Booker’s supporters remained convinced to the end. Each of the two events Booker held on Thursday—which would turn out to be his final appearances on the trail—drew more than 150 people, who greeted both his introduction and the close of his speech with standing ovations. Booker attracted more people to the basement of a small-town community center at lunchtime on a weekday than Joe Biden had drawn to an event 60 miles away the Friday before. For that matter, two is more standing ovations than candidates tend to get. When people see Booker in person, they seem to get won over. It’s a matter of puzzlement to campaign reporters that the enthusiastic response he generates at his appearances didn’t translate into better standing in the polls. “You can tell this is who he is; it’s not just what he’s saying,” a woman told me after seeing Booker speak in North Liberty on Thursday. A student who’d come to see Pete Buttigieg speak in Des Moines last night told me that while she likes the former South Bend, Indiana, mayor, she was more impressed by Booker’s passion, and that his style fit more with what she’s looking for in a president.

“Somebody here’s thinking, Ohhhh, Cory Booker’s going to talk about looove,” Booker told the crowd in North Liberty. “Is this about who has the best 15-point plan? No. I think I do. But no. This election is about which leaders—plural—can inspire us again to see each other’s hope and promise.” Though this gushy, gauzy stuff might seem to be out of step with the crush-the-opposition partisanship of the moment, the people who were signing cards commiting to caucus for him—”Look at that stack!” he said when he saw the size of the pile—seemed to have eaten it up, saying they were just looking for someone to be kind.

County chairs and local politicians kept coming out for him, even into last week. “He has the strongest message,” Tim Horrigan, a New Hampshire state representative who endorsed Booker on Thursday morning, told me late last week. “He’s totally the antithesis of Trump and also somebody who could heal the damage that Trump has done.” Bryce Smith, the chair of the Dallas County, Texas, Democrats, who endorsed Booker at the end of December, told me that he personally had been won over by how Booker seems to “ooze his love for everyone,” and that he believed a “silent momentum” of elected officials and activists could help Booker win on caucus night.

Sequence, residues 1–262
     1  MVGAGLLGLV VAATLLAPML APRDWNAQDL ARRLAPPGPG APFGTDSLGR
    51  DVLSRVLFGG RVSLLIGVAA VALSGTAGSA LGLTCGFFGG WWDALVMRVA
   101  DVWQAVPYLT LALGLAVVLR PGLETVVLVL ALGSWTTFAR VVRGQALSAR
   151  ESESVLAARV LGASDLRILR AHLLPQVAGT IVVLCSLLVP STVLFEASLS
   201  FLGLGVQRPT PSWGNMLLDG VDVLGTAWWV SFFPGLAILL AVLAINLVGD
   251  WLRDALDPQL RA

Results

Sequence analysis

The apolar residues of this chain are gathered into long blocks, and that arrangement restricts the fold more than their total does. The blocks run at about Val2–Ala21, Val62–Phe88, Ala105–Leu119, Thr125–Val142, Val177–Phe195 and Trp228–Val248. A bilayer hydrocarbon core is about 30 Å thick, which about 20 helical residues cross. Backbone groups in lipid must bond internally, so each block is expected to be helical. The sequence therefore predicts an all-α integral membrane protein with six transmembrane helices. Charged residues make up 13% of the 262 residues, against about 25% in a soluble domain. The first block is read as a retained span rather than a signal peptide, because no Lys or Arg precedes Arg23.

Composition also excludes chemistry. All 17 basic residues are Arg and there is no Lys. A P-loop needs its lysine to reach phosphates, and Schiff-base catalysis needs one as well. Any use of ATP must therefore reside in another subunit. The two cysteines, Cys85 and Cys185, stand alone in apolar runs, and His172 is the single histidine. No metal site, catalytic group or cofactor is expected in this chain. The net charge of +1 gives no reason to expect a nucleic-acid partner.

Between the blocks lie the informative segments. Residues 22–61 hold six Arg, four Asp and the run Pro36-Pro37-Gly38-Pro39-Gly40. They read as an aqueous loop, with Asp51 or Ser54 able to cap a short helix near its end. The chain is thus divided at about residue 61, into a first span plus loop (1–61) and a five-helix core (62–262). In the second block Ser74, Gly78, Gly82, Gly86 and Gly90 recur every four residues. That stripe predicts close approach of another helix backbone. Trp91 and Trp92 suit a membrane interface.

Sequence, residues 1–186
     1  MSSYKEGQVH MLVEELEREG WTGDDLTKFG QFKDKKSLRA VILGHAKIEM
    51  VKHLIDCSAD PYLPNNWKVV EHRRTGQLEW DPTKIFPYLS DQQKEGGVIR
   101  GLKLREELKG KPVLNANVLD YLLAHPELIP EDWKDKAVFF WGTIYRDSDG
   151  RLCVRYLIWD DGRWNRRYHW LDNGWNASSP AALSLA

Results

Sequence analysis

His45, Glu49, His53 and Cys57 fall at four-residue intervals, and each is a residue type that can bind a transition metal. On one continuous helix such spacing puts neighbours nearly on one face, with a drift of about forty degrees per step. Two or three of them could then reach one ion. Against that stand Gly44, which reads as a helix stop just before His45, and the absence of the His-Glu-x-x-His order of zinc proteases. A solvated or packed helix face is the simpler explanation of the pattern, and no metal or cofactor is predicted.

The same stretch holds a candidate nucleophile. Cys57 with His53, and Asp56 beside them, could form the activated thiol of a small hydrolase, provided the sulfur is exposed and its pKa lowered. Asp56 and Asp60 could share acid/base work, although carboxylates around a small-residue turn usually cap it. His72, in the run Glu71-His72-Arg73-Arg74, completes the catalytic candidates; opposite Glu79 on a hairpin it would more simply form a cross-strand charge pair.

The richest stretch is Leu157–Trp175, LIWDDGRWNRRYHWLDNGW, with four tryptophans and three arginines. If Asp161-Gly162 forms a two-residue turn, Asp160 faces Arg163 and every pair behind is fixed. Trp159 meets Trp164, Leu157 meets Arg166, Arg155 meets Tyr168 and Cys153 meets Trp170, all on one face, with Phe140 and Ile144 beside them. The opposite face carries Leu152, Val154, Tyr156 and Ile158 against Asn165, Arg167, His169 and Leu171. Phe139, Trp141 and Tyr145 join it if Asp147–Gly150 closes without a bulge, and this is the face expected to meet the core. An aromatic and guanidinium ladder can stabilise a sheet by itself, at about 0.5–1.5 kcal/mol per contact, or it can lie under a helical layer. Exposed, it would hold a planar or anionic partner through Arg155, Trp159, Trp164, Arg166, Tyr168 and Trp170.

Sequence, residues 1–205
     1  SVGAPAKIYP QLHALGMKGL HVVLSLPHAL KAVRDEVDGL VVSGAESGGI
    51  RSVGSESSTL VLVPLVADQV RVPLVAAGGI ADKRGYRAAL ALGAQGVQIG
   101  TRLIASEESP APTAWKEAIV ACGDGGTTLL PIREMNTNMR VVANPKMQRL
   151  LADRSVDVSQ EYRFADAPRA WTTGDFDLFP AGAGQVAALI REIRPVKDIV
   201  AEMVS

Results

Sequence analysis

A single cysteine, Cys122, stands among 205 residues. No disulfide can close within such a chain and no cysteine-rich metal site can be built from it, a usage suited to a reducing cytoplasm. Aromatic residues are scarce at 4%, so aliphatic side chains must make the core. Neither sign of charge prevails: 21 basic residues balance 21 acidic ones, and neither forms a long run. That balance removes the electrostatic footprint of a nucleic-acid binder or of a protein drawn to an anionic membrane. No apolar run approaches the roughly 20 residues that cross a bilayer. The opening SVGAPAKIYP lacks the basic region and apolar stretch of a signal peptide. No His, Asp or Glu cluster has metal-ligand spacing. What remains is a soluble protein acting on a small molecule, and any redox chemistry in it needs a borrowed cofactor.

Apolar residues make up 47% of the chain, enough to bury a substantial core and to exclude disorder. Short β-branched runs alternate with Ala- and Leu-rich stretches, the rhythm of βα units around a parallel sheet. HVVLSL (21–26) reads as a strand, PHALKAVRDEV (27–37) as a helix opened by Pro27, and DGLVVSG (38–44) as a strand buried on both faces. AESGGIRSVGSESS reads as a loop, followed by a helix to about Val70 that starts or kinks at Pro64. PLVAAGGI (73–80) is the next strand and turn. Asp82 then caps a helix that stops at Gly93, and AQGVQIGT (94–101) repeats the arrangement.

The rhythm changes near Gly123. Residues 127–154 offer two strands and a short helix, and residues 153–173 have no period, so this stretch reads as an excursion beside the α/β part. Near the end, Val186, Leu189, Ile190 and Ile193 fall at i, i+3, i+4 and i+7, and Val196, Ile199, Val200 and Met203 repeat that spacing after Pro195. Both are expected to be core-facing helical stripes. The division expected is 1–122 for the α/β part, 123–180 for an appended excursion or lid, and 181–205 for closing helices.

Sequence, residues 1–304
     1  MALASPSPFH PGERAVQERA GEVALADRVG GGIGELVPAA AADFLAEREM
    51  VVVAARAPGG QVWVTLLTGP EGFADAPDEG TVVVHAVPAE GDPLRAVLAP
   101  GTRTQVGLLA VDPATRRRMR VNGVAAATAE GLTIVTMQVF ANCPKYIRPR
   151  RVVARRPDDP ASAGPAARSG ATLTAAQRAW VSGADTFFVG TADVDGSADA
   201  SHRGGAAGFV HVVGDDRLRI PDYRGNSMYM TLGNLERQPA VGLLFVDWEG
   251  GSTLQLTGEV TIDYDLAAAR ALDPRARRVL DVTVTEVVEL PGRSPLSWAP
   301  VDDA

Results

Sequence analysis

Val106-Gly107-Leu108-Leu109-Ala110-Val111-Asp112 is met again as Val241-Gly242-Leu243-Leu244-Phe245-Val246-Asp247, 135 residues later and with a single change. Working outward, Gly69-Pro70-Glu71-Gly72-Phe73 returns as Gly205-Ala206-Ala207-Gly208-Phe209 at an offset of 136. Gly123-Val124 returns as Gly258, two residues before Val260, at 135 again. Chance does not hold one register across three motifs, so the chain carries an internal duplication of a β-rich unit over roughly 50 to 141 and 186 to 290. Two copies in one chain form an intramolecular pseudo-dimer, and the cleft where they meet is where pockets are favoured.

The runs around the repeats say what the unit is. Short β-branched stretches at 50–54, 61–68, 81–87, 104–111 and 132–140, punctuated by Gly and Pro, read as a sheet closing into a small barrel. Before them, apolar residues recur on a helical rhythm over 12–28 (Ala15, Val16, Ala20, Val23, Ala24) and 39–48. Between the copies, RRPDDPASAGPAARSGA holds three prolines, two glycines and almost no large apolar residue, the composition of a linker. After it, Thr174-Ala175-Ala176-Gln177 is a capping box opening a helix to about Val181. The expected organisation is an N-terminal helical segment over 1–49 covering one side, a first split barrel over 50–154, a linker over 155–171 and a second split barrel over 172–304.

Booker tried to make the case that his candidacy would bring what Democratic primary voters have been looking for all along: unity. Enthusiasm. Energy. Youthfulness. The high black turnout that might actually be the deciding factor in Pennsylvania, Ohio, Wisconsin, and Michigan.

But to Booker’s frustration, a party that likes to see itself as representing America’s multicultural future is being dominated by candidates who are mostly old, white, rich, and male—making it impossible for the candidate best positioned to beat Donald Trump to break through. “Yes, we could lose this election,” Booker told me last week. “We need to elect the right person that can excite record turnouts, really have a wave election. I’m very concerned about it. Yes, I’m absolutely concerned about it.”

What comes next for Booker and his team? Booker built an extensive operation in Iowa. Those organizers are now up for grabs. Meanwhile, Booker himself immediately moves to the top of potential-running-mate lists; he’s possibly the only man who would make the shortlist if one of the male candidates becomes the presidential nominee—and he’d be a natural running mate for either Elizabeth Warren or Amy Klobuchar.

Booker’s supporters are also up for grabs. Many I’ve spoken with seem inclined to gravitate toward Warren, though some like Buttigieg as well. In a race that’s heading into the final three weeks in a four-way tie, his supporters could make the difference here in Iowa, and be an important element in determining the nominee.

“Don’t make this Iowa-caucus decision out of fear,” he said at his last events. “Make it out of faith.”